This was apparently due to Iger’s eagerness to learn from Pixar rather than resent them. While attending the opening of Disneyland Hong Kong in 2005, he realised that the only Disney characters on floats from the last decade were from Pixar-created movies. “A light bulb went off,” he recalled to biographer Walter Isaacson for the 2011 biography of Steve Jobs. “I’m standing next to [Eisner], but I kept it completely to myself, because it was such an indictment of his stewardship of animation during that period. After ten years of The Lion King, Beauty and the Beast, and Aladdin, there were then ten years of nothing.”

Within weeks, Iger had told Disney’s board of directors that they had two choices: either face an uncertain future by endlessly launching go-nowhere properties like Treasure Planet or Meet the Robinsons, or buy Pixar. Faced with dire financial statistics, the Disney board agreed to allow Iger to pursue Pixar once again.

In the same Isaacson biography, Jobs recalled being won over by Iger’s new pitch. “He just blurted out [that Disney badly needed Pixar],” he remembered. “Now that’s the dumbest thing you can do as you enter a negotiation, at least according to the traditional rule book. He just put his cards on the table and said, ‘We’re screwed.’ I immediately liked the guy, because that’s how I work too. Let’s just immediately put all the cards on the table and see where they fall.”

Further meetings happened, specifically with Pixar heads John Lasseter and Edwin Catmull, who were inspired by Iger’s eagerness for new ideas and the openness of their conversations about Disney’s future. Finally, Jobs declared that a Disney overseen by Iger could indeed purchase Pixar, for a hefty price of $7.4 billion worth of Disney stock.

Toy Story 4 Credit: pixar

Eisner, true to form, attempted to derail the purchase, telling Iger that he could fix Disney’s problems without help from Pixar, and later trying to convince a number of high-profile Disney shareholders, including billionaire magnate Warren Buffet, to not approve the purchase based on statistical evidence that Pixar would likely struggle in the coming years.

In a presentation, Eisner declared that, like Steven Spielberg or Disney movies of the past, a consistent run of hit movies has never historically lasted past ten or so years, and that Pixar was due for a number of misfires in their future. Despite his pressure, Disney shareholders were unconvinced, and the purchase was approved.

The new deal meant that Pixar wasn’t entirely absolved by Disney, instead existing as a separate entity as always, and retaining its creative autonomy and earning far more of their film’s profits. As an additional kick in the teeth for Eisner, the deal also resulted in Jobs succeeding him as Disney’s largest individual shareholder, Jobs walking away with ownership of 7 per cent of the company’s stock, valued at $3.9 billion.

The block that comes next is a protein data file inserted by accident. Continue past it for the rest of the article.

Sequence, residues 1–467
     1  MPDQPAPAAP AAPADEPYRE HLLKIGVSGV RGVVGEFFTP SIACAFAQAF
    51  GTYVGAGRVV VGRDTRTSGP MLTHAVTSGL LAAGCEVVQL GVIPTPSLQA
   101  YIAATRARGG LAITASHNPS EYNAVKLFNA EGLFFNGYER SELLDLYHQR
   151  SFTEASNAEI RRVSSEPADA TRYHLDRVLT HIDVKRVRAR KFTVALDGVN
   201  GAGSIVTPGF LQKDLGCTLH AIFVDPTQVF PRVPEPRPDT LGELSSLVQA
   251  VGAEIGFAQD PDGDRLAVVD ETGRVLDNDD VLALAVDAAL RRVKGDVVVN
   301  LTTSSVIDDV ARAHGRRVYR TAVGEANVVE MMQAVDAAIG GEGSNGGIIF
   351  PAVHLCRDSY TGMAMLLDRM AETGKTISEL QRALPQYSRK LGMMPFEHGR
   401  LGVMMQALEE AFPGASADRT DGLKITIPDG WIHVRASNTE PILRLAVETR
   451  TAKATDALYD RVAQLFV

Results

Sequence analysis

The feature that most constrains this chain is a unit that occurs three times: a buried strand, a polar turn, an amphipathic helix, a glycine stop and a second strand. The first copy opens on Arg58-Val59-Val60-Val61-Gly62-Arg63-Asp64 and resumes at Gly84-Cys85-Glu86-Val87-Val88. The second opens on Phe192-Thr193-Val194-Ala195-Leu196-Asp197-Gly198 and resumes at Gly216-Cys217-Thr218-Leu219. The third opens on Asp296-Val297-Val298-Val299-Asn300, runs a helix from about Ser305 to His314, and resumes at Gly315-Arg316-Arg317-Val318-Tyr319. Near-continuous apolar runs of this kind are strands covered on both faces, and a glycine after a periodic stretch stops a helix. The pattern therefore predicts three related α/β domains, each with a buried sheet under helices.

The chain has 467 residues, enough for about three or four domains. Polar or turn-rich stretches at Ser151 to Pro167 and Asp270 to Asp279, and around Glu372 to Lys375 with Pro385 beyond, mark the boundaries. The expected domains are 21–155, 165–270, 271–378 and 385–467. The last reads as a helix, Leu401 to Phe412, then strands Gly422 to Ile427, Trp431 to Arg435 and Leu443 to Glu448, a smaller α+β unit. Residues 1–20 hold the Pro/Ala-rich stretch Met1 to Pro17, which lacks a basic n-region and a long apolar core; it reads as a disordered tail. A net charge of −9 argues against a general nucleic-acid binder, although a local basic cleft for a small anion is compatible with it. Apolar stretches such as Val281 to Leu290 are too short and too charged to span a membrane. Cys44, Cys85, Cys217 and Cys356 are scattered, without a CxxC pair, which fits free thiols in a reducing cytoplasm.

As for Toy Story 3, it became a top priority at the new Disney/Pixar. But it also came at the expense of Circle 7, which was dissolved within months of the merger. In March 2006, Circle 7 staff were told that 80 per cent of employees would be absorbed into the new Disney/Pixar, with 32 employees ultimately losing their jobs. But while it was a kind gesture from Pixar, the merger did mean that all the scripts and designs that Circle 7 had spent two years developing were scrapped.

For many within Circle 7, it was infuriating. Speaking to Entertainment Weekly in 2006, Herzfeld appeared to confirm what many had speculated about the studio’s motives. “I should have had my agent look into it more,” he said. “We were just pawns, used to scare Pixar to the negotiation table. It was essentially Michael Eisner putting a gun to the head of Pixar’s children. I can understand that. Somebody took [Pixar’s] children and dressed them up in clothes they didn’t approve of. But it doesn’t mean they’re bad clothes.”

Toy Story 3’s eventual director Lee Unkrich made clear in interviews leading up to the film’s release that they had deliberately started afresh when the merger occurred, throwing out Herzfeld’s script. Oddly, however, there are similarities between the released Toy Story 3 and the original Steinkellner script, namely that they both open with Spaghetti Western fantasy scenes, along with their shared themes of growing up and Andy ageing out of his toys. But they are largely superficial; the rest of the released movie was vastly different in premise and execution.

For Pixar fans, the merger proved to be positive. Outside of, arguably, the Cars franchise and 2015’s The Good Dinosaur, Pixar has enjoyed a run of creative success matched by consistently gargantuan box office numbers since they were purchased by Disney, with even its more financially-motivated sequels proving unusually well-liked.

That Toy Story has unveiled a fourth movie to universal raves, despite a run of bad buzz and behind-the-scenes conflict during its production, is the kind of unparalleled good fortune that Michael Eisner never would have seen coming. Despite currently reclining somewhere on a bed of money, he is more than likely furious about it.